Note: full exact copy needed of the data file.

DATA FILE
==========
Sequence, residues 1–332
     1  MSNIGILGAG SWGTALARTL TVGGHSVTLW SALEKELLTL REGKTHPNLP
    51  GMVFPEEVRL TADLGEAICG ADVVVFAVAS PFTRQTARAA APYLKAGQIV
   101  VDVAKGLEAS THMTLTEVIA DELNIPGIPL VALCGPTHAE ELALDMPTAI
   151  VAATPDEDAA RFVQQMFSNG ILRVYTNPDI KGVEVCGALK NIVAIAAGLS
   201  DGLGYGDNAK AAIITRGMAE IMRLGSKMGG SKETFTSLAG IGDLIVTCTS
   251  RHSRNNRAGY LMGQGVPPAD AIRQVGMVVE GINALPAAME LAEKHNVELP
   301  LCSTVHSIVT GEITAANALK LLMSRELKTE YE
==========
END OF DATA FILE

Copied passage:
Sequence, residues 1–332
     1  MSNIGILGAG SWGTALARTL TVGGHSVTLW SALEKELLTL REGKTHPNLP
    51  GMVFPEEVRL TADLGEAICG ADVVVFAVAS PFTRQTARAA APYLKAGQIV
   101  VDVAKGLEAS THMTLTEVIA DELNIPGIPL VALCGPTHAE ELALDMPTAI
   151  VAATPDEDAA RFVQQMFSNG ILRVYTNPDI KGVEVCGALK NIVAIAAGLS
   201  DGLGYGDNAK AAIITRGMAE IMRLGSKMGG SKETFTSLAG IGDLIVTCTS
   251  RHSRNNRAGY LMGQGVPPAD AIRQVGMVVE GINALPAAME LAEKHNVELP
   301  LCSTVHSIVT GEITAANALK LLMSRELKTE YE